South Dakota Reptiles
Common Snapping Turtle
Found throughout SD, Snapping Turtles are known for their aggressive dispositions when out of the water. The average South Dakota snapper has a shell that is 12 inches long and weighs around 12 pounds. The record weight for a snapper caught in South Dakota is 44 pounds. The biggest Common Snapping turtle recorded in the US weighed in at 62 pounds and measured less than 24 inches long.
- Photo by: Doug Backlund
Western Painted Turtle
(Chrysemys picta belli)
The painted turtle is one of the wetland's most common reptiles. Found throughout SD, this animal can be easily identified by its colorful belly (also known as the plastron), although they can be very shy and reclusive. Like many turtles, it hunts for food in the water.
The Blanding's Turtle is a medium-sized semi-aquatic turtle with an average shell length of approximately seven to nine inches and a maximum length of 10 inches. A distinguishing feature of this turtle is the bright yellow chin and throat, and its domed shell. This is not a native SD species, but there are a few isolated records of them being spotted in one place in southeastern SD.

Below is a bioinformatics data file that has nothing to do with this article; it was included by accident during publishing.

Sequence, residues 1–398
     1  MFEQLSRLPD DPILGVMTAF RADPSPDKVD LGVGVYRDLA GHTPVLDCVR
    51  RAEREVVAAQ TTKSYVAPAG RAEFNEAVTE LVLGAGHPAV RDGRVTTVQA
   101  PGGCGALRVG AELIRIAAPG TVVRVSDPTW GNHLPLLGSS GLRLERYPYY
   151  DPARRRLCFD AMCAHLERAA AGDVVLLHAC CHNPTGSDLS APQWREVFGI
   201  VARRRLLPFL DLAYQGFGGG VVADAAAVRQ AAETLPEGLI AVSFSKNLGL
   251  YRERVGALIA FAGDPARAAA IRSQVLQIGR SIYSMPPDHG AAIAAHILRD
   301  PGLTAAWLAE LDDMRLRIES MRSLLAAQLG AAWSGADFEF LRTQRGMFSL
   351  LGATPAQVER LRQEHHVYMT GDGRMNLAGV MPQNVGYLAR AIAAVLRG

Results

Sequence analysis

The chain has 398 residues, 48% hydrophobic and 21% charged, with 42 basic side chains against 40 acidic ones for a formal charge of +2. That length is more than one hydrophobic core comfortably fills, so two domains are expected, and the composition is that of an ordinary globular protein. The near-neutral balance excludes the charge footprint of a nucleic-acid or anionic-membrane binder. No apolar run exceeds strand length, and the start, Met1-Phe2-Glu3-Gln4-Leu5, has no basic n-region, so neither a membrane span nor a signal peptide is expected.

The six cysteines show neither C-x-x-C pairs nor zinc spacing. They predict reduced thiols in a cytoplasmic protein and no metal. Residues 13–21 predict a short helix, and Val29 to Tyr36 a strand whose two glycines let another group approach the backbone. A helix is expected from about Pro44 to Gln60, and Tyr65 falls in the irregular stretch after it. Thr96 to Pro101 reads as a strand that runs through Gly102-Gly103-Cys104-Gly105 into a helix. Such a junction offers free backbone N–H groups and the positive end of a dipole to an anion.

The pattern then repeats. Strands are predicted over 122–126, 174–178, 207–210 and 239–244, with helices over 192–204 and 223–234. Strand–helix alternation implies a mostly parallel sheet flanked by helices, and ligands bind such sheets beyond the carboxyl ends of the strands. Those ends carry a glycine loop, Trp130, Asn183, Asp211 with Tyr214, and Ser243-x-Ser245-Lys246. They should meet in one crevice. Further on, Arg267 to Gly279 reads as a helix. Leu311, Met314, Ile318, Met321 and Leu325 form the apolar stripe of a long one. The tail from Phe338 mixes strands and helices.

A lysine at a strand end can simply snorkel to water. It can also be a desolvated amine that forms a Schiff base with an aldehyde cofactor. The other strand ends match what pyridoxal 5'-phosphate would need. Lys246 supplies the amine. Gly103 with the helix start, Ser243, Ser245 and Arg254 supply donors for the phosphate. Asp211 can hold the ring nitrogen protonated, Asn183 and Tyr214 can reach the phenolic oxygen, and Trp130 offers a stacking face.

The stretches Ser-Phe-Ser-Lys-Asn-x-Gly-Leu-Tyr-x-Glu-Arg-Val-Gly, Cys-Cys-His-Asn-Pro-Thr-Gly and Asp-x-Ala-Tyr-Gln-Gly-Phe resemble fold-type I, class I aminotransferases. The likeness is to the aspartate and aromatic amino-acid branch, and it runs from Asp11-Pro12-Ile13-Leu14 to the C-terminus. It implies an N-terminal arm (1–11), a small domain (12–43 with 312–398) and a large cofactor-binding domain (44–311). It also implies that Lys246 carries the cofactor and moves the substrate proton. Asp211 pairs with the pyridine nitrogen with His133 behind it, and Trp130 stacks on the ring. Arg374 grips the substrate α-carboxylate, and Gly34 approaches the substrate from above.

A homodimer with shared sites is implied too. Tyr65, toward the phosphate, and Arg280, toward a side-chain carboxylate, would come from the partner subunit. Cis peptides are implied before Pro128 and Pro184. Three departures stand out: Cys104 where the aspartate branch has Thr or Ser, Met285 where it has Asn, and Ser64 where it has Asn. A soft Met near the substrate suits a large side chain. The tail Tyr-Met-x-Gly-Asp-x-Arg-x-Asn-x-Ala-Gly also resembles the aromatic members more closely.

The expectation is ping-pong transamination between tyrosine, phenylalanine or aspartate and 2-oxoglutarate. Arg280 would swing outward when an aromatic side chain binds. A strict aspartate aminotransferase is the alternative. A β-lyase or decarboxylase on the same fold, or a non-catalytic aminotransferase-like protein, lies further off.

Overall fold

False Map Turtle
(Graptemys p. pseudogeographica)
Also known as "sawback" turtles because their saw-tooth edges resemble the teeth of a saw blade, these turtles are highly aquatic and can be found along the banks of the Missouri River. They are rather shy and skittish, and escape potential danger by entering the water.
Ornate Box Turtle
The Western box turtle is 4-5 inches long with a dark brown or black flattened-dome shell decorated with bright yellow lines that radiate to form a starburst pattern. They are known as timid creatures and often retreat into their shells for protection. They have a small range in south-central SD.
- Photo by: Leonardo Sologuren
Midland Smooth Softshell
(Apalone m. mutica)
Smooth Softshell Turtles are highly aquatic and can be found along the banks of the Missouri River. They are most recognized by the appearance of their outer shell - it looks like a pancake, as it is completely smooth, flat, and leathery with very flexible edges. Their nose has no nostril ridge, and tapers to a point, resembling a snorkel.
Westen Spiny Softshell
(Apalone spinifera hartwegi)
The outer shell of a Spiny Softshell Turtle feels like sandpaper. In adult females, the shell may be smooth, but there are several large spines or cone-like projections at the front of the shell. Their nose has nostril ridges, and tapers to a point and resembles a snorkel. They can be found along tributaries of the Missouri River in central to southeastern SD, as well as the western part of the state.